Slow Is Smooth: The Basics of Mastery | Nutrition Fit

0
333

[ad_1]

“Slow is smooth and smooth is fast.”

-Bruce Lee

Interestingly enough, the above listed quote is also a United States Navy SEALs Maxim.

Bruce Lee may be the most well-known martial artist in current history. Lee was an author, a film star and actor, a husband and father. Yet, as busy as he was, he was so skilled in his art that he was still considered by many to be the greatest. He even created his own martial art Jeet Kune Do.

Another famous Lee-ism is “I fear not the man who has practiced 10,000 kicks once, but I fear the man who has practiced one kick 10,000 times.”

It is said that every day, Lee would practice his lead punch as well as his sidekick for up to six hours; his abdominal exercises up to four hours per day and always perform the basic bodyweight movements consisting of: sit-ups, push ups, pull ups and squats. Finishing off his day with up to another four hours of footwork.

Now you may be asking yourself how this man became the greatest by only practicing what appears to be a single kick, a single punch, some footwork and a few body weight exercises?

The basics. Lee realized the importance of simplicity and economy of motion. His Lead punch and his Side kick were not only his longest weapons, but his best attribute-wise. They were his two favorite strikes. Lee realized that by practicing these two strikes above the many other options, he will then be faster and more efficient than his opponents.

We also see the need for physical fitness. Lee did more abdominal workouts than anything else because he held the belief that one will be punched in the abdominals often and needed the muscular armor. Aside from that note, full body conditioning is important and even seemingly old exercises are still great choices!

It is common knowledge that throughout adolescence Michael Jordan was not the best at basketball. In fact the story goes that many of his childhood coaches told him to quit the sport as he showed himself inept.

“I’ve missed more than 9000 shots in my career. I’ve lost almost 300 games. 26 times, I’ve been trusted to take the game winning shot and missed. I’ve failed over and over and over again in my life. And that is why I succeed.”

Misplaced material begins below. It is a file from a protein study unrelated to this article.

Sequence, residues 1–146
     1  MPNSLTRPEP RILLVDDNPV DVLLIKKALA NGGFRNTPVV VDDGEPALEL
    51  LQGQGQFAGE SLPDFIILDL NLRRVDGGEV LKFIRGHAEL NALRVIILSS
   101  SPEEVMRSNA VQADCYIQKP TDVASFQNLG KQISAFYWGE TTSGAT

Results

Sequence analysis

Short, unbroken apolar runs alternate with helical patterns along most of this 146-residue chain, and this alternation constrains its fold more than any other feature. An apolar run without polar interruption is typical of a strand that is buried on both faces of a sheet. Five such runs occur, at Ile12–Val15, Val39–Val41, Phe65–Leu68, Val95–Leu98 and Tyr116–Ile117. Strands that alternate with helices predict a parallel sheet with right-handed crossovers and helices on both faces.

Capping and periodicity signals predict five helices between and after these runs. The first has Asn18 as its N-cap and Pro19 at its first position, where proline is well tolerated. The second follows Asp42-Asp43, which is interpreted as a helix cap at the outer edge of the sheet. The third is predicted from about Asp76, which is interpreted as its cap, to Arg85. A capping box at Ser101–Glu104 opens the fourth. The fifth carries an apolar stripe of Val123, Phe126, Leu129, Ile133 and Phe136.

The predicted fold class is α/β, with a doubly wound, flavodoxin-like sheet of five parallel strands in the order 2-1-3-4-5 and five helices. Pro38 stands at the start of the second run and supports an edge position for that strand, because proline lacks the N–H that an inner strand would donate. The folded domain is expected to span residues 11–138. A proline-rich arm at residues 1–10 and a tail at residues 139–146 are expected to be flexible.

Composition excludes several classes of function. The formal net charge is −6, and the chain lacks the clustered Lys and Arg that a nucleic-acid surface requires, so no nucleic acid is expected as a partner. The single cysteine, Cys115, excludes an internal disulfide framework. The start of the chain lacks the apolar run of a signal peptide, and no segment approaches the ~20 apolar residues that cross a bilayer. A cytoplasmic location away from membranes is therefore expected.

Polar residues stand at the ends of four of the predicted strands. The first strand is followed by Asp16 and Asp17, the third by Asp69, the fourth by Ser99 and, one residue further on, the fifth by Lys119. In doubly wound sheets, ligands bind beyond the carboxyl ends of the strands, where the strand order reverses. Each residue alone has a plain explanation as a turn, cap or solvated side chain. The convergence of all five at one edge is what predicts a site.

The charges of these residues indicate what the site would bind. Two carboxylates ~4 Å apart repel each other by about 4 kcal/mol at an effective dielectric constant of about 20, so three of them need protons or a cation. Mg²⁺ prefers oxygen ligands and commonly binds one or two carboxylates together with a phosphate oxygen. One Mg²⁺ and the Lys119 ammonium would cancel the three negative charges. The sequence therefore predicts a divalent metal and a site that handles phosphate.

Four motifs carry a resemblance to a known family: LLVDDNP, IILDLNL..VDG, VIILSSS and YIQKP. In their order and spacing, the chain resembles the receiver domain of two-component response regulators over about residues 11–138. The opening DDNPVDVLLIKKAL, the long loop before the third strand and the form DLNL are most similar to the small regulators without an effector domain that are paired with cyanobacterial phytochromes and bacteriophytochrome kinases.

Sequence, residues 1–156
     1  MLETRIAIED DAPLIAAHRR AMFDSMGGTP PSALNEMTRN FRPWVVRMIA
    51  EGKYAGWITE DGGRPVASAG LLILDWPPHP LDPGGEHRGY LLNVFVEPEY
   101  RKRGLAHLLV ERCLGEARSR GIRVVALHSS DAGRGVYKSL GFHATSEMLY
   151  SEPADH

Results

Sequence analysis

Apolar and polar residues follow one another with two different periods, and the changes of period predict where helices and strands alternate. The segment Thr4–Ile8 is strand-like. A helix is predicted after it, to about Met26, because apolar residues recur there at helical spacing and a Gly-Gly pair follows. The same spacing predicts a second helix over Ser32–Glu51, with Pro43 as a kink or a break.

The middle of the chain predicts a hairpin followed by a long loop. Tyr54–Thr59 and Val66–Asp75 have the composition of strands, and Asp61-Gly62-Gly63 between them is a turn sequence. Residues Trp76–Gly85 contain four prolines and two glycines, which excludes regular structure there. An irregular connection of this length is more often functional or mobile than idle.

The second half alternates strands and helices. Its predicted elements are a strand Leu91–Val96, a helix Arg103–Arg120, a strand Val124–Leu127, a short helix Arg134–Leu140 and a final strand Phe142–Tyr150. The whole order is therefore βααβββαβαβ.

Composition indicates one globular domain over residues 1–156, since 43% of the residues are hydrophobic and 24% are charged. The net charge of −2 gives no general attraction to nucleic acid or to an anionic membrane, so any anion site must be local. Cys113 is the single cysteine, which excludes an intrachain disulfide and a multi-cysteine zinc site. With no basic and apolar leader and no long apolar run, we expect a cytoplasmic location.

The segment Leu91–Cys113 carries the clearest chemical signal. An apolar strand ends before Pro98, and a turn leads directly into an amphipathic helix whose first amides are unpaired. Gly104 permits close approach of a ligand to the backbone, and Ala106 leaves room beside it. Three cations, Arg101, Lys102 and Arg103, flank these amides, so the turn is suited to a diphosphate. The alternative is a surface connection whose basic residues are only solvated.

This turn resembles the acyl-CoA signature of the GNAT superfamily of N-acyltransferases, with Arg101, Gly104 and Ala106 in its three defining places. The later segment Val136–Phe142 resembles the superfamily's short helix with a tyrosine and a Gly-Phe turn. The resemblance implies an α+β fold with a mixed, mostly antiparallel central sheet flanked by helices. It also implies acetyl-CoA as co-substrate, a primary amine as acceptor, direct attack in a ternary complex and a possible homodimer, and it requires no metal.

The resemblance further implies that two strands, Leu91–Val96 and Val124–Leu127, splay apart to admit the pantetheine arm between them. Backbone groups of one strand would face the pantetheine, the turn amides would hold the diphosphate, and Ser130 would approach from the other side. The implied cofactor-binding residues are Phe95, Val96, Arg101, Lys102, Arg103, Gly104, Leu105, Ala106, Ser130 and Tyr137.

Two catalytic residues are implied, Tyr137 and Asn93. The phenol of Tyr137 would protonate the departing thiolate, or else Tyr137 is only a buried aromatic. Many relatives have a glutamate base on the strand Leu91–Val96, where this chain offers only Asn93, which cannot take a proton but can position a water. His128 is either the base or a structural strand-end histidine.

-Michael Jordan

What did Jordan do? He has told many in interviews that he stayed up all night, skipping meals and his job shooting baskets in his driveway over and over & over again.

You see, greatness is a choice. Any can achieve greatness. One must have determination, will and drive; you must be willing to give up time or food or money. You must dedicate your being to your passion and you can achieve anything.

“I am the greatest, I said that even before I knew I was.”

-Muhammad Ali

What made Ali special is that he would tell himself and anyone who would listen for that matter that he was the greatest boxer in the world. This shows psychological drive. A common coaching phrase is that you are only trying to beat yourself yesterday.

The rest of the world didn’t matter. He told himself that he was great, as he mentioned, even before he knew he was. However, that isn’t only what made him ‘great,’ his training regimen was also quite similar to that of the others we’ve mentioned already.

Ali has mentioned that he would ‘imagine’ punching the bag even if there were no bag, in fact around to train with; there was no punching bag in sight. When there was a bag much of his training was done by slowly aligning each punch and only exerting a small amount of energy at the end of the strike only moving the bag slightly. Remember slow is smooth and smooth is fast?

These techniques of repetitive slow movements train for proper body mechanics and dispersion of energy.

Within the Martial arts the teacher usually asks the beginning students to stand in a fighting stance and hold that stance for hours. This creates muscle memory as well as train endurance.

These same instructors have the students practice the same punches and kicks over and over & over again. Day in and day out.

Almost like shooting hoops over and over and over; bag work over and over; footwork etc.

Many of the reality based styles of martial arts like Jeet Kune Do or Wing Chun, Filipino martial arts or some of the tactical schools found in any of the current issues of any fighting magazine have found success in simplicity.

Economy of motion, as Lee called it.

All of the masters of any art or sport or practice have found success in the repetition of the basics. The introductory principles are the keys to all other aspects of whatever you are learning is the ultimate key to success in all other aspects and progress.

Oh, and remember that part about giving up time?

“I hated every minute of training, but I said, ‘Don’t quit. Suffer now and live the rest of your life as a champion.”

-Muhammad Ali

Practice your basics. Choose greatness.

[ad_2]

Source by Joey Monteverde